Today is the centennial of Bloomsday, the 100th anniversary of Leopold Bloom's famous ramble through Dublin in the book that many would call the greatest work of 20th-century fiction: James Joyce's "Ulysses."

Yes, I can hear millions answering, but so what? Are we suddenly French that we make a fetish of a literary milestone? Indeed, most of us who've fallen into Bloom's company -- and that of his sidekick Stephen Dedalus, Joyce's fictive persona -- would confess that we first made their acquaintance because we were told it was important. I read the novel as a college sophomore of 19, understanding perhaps a quarter of it but sure that I was punching my ticket. But first-time readers are sure to be struck, as I was, by this epic's ordinariness. I knew Ulysses, one is tempted to say, and Leopold Bloom is no Ulysses.

From his early-morning visit to the water closet and greeting of his housecat to his weary retirement many hours later beside his faithless but poetic wife, Molly, it's a prosy story, insistent in its dailiness, of birth and death, eating and drinking, dream and frustration, faith and sacrilege -- of life, in short -- although it does include a lively discussion of the ghost of Hamlet's father.

It first saw light in 1922 thanks to the courage of a Paris bookseller, Sylvia Beach, and a printer in Dijon willing to defy lurking censors. Bluenoses everywhere decried Joyce and his book as if he had resurrected Sodom and Gomorrah between book covers. (Bennett Cerf managed to get it into print in the United States 12 years later thanks to a wise verdict from the federal bench by Judge John M. Woolsey.) Generally, it ran a close race against oblivion.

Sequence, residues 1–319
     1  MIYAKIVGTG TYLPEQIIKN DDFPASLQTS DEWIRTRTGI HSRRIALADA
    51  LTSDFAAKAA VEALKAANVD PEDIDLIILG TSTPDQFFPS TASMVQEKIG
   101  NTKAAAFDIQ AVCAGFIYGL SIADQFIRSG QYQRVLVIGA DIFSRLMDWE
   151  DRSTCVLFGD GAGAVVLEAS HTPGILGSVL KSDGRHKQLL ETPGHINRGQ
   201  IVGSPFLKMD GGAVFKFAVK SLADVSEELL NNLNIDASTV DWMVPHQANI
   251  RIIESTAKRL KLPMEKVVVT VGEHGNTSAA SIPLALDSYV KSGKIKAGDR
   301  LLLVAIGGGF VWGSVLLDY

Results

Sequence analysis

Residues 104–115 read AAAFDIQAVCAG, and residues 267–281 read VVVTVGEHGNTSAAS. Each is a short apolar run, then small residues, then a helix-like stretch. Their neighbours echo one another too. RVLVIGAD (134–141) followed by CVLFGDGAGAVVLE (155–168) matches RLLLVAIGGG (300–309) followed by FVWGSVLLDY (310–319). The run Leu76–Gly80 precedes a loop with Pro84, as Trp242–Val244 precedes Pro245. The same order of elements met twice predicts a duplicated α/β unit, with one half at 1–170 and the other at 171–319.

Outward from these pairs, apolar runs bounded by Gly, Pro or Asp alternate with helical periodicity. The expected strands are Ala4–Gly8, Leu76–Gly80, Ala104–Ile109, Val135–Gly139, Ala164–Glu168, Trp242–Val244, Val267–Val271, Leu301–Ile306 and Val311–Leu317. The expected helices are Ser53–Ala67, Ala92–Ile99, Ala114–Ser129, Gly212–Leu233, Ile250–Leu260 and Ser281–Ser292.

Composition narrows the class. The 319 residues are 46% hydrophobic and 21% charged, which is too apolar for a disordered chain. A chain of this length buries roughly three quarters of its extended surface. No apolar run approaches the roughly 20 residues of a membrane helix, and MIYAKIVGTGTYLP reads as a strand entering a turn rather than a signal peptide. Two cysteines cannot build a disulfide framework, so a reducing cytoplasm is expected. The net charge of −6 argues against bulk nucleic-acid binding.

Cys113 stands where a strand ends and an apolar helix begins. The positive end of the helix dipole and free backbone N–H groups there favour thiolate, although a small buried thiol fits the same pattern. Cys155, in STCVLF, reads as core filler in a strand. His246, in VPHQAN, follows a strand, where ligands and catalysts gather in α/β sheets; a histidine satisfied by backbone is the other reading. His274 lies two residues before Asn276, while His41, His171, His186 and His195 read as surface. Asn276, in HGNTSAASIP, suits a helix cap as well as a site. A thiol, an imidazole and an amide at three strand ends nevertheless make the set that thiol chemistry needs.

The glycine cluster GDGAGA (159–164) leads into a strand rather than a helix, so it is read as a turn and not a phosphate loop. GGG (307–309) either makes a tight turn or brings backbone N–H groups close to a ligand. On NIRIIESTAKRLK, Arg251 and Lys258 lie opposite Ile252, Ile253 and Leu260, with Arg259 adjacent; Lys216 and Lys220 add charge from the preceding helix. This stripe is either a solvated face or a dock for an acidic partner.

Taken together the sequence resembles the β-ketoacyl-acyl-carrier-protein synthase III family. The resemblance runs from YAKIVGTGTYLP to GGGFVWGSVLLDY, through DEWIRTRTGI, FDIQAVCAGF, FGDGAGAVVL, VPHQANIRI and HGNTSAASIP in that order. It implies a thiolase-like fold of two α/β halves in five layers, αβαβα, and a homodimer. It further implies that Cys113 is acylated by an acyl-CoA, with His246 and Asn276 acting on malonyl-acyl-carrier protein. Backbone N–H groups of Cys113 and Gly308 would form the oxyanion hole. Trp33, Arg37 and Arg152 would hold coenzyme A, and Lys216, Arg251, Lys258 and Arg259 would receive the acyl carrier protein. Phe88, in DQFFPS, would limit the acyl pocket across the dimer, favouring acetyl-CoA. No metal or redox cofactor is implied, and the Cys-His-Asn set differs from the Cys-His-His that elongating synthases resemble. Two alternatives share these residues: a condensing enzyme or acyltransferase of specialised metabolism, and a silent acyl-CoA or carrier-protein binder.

Five years ago I reread "Ulysses" for a spring college seminar I was to teach, and I've never worked harder. Few can hope to grasp Joyce's thousands of recherche allusions. But there is real joy in teasing those allusions out and so flushing from concealment the book's engaging naughtiness.

The students at Washington and Lee University who joined me in the long march that spring were urbane young people, unembarrassed by the book's "obscenity," which by current standards of vulgarity isn't all that obscene. We all had a good laugh, for instance, when one student asked a plausible question about a passage in the Aeolus (winds) episode, in which Stephen Dedalus and others are talking about the Nelson monument, "the statue of the one-handled adulterer." Is it, he asked, a veiled reference to masturbation? Certainly the many variations on human sexual pleasure were of consuming interest to Joyce, hence to his creatures. But knowing a smidgen of history, the instructor offered a better guess: Admiral Lord Nelson had his right arm shot off in a naval engagement at Vera Cruz, and he had conducted a notorious affair with Lady Hamilton, a woman not his wife. Hence the "one-handled adulterer." Who but Joyce would have described the great naval hero in just that way? "Ulysses" is a celebration of language, and a gleaming verbal mirror into which few will gaze without some shock of personal recognition, mild or major, as my own experience attests.

When I was a small boy in North Carolina, a tiny woman named Gussie Baynes worked for us and liked to tease me with polysyllabic words. "How's your corporosity segatuating?" she asked me nearly every morning. I never heard the question from anyone else, anywhere. But as I reread "Ulysses" this time, the question sprang out at me from the Oxen of the Sun episode: "Your corporosity sagaciating OK?" Friends better versed in Joyce than I failed to explain this uncanny verbal link between an 80-pound black woman in the 1940s South and the expatriate Irish genius, writing in Trieste, Paris and Zurich.

But why be surprised by such a link? It is said -- I haven't counted -- that the vocabulary of "Ulysses" ranks third only to those of Milton's "Paradise Lost" and the Shakespeare Folio. Joyce was a verbal magpie, collecting specimens from every continent (a passion that was to reach its reductio ad absurdum in "Finnegans Wake").

So on this Bloomsday, forget "importance" for once and open your eyes and tune up your ears. If you're interested in human life you must be interested in Leopold Bloom and that epic ramble through the streets and alleys of Dublin a century ago.

The writer is a former editor and columnist. He was a professor of journalism and humanities at Washington and Lee University from 1991 to 2002. His e-mail address is